Many bishops have sat down and gone through perfunctory meetings with victims, all too often insisted upon by their attorneys, but very few have actually taken the time to listen to these men and women. After all, the whole 30-plus year period since clergy abuse was publicly revealed is fundamentally about the victims. Looking at the bishops' and popes' histories one would be hard pressed to see this since the deeply engrained clerical narcissism has made it nearly impossible for the ecclesiastical leadership to see the "problem" and the victims from any other perspective than their own.

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Critics of this letter and last year's tribunal plan claim that the pope already has the authority to remove bishops at will. This is true. He can remove a bishop or to force his resignation without any kind of process and without giving a reason. Bishops are freely appointed by the pope and just as freely removed. Canon 1389 of the Code refers to abuse of authority and negligence in office. The actions of scores of bishops and cardinals clearly fall within the parameters of this canon.

What is so special about this latest development is the acknowledgement that the negligent and irresponsible actions of many bishops was not based on their ignorance about the nature of sex abuse or advice given by medical experts -- two of the many silly excuses offered -- but that their actions and inactions were willful and potentially criminal. This is a mind-blowing change from the past where every effort was made to protect and exonerate the bishops above every other consideration.

This stands in stark contrast to Pope John Paul II who extended sympathy to bishops for the pain this crisis was causing them, a sentiment regretfully expressed by Pope Francis to the U.S. bishops when he visited here in 2015. His speech caused an uproar among victims and their supporters and prompted many to abandon any hope that Pope Francis would make a difference.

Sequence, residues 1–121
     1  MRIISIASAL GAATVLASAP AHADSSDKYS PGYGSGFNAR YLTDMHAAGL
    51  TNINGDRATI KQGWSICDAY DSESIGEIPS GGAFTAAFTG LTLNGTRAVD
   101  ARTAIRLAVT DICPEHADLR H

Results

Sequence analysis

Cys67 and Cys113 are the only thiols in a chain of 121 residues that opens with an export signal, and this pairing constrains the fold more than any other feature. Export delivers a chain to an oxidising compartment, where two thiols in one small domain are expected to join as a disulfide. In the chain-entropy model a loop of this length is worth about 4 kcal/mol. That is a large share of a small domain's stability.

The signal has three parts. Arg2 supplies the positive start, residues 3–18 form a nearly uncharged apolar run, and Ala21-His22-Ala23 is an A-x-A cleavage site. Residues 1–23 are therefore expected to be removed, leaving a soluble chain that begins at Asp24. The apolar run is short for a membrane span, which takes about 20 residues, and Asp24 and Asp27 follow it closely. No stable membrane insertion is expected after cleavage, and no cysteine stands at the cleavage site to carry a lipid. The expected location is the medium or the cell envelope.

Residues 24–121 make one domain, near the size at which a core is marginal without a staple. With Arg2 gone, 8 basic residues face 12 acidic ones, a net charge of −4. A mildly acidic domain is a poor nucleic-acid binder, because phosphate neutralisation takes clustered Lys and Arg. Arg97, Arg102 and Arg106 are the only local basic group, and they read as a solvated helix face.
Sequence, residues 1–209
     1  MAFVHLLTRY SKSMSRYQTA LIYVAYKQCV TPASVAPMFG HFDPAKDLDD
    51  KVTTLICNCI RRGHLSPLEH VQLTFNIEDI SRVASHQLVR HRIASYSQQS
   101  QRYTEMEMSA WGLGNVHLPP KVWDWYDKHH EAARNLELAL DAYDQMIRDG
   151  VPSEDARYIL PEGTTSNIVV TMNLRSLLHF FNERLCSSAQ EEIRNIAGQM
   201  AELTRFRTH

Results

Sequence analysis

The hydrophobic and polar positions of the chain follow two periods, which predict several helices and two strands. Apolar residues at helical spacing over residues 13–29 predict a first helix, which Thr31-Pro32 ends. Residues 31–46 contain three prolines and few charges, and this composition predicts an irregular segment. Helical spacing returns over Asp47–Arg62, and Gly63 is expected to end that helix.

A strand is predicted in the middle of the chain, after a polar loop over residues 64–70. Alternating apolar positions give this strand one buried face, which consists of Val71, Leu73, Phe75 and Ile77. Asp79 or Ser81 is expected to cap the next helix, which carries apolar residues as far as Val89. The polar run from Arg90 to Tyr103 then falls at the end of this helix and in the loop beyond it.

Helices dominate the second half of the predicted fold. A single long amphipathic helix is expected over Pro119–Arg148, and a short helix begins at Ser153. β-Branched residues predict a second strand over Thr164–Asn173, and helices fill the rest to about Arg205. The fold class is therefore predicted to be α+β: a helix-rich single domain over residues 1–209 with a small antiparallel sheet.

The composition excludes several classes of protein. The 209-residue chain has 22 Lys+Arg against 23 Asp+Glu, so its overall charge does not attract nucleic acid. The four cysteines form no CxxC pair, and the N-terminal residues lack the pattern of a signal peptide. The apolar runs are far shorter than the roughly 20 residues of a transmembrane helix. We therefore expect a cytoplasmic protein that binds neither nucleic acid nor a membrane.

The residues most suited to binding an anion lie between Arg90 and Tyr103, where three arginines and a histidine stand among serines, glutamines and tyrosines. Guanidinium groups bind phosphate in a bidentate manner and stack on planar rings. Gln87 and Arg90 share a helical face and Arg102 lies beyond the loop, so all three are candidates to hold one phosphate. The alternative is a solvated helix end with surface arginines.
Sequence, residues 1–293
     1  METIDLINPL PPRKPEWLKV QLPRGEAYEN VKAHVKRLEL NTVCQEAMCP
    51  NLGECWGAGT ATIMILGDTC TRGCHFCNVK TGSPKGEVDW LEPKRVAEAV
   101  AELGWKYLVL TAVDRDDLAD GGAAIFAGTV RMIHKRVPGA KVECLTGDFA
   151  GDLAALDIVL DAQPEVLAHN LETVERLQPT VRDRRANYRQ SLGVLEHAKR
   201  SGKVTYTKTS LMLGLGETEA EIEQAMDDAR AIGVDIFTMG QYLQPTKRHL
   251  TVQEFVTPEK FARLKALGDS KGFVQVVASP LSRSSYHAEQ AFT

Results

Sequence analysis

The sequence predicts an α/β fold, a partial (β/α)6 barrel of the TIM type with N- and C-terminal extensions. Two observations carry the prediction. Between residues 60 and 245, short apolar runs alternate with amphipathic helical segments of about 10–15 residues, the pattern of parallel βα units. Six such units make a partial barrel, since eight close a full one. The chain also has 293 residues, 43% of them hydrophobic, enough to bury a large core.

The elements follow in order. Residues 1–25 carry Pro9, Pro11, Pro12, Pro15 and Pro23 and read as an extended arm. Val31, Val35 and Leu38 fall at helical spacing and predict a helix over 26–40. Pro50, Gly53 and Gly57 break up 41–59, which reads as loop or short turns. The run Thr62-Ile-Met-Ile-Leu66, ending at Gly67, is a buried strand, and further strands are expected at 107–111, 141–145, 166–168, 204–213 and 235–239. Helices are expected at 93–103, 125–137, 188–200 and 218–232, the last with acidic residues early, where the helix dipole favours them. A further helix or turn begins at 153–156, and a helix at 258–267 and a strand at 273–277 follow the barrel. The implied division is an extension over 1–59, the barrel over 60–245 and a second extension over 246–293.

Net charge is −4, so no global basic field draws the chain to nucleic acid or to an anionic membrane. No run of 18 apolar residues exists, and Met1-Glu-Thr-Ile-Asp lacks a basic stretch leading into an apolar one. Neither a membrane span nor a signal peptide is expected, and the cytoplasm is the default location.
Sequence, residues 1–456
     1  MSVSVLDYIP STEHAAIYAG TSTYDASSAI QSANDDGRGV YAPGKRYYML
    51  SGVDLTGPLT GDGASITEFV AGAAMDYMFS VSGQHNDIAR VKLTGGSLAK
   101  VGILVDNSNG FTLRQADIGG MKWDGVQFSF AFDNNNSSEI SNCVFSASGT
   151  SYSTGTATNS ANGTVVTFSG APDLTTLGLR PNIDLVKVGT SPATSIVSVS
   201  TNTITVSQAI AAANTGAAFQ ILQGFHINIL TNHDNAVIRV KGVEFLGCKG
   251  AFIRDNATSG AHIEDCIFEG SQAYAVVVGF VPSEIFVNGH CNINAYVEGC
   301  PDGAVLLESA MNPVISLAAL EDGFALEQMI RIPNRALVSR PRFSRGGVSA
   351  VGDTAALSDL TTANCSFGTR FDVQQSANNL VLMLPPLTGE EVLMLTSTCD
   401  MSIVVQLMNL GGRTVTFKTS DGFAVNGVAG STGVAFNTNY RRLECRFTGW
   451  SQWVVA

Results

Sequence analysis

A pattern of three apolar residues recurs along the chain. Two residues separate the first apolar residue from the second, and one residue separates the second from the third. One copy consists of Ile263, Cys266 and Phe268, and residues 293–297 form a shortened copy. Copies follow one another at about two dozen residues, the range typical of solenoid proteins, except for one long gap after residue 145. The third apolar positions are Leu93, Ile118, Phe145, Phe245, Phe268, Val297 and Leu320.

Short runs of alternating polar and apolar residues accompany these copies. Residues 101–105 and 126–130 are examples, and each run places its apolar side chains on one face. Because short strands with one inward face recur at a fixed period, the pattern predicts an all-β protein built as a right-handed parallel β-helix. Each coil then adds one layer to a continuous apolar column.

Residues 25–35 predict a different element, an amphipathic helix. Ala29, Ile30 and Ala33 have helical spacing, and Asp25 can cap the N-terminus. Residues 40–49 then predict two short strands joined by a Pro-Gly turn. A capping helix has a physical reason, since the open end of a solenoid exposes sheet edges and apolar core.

The change in attitude is radical and had to have been inspired by a source other than the Vatican curia. That source has to have been, without a doubt, the Pontifical Commission for the Protection of Minors. The commission has been insisting that accountability of bishops is a top priority. Calling bishops on the carpet for neglecting to act properly in the face of sexual abuse by clerics has not only been a top demand from victims and non-victims the world over but it has been a demand that has been actively stone-walled since the crisis first became publicly known over 30 years ago.

Francis and his two predecessors, Popes John Paul II and Benedict XVI, have known in detail about hundreds of bishops who have fulfilled the criteria for removal as set forth in this apostolic letter. Evidence of abuse of the episcopal office or of negligence has come not only from direct reports or accusations of victims but also from testimony and other evidence presented in the thousands of civil and criminal trials and court processes that have taken place in several countries since the mid-1980s.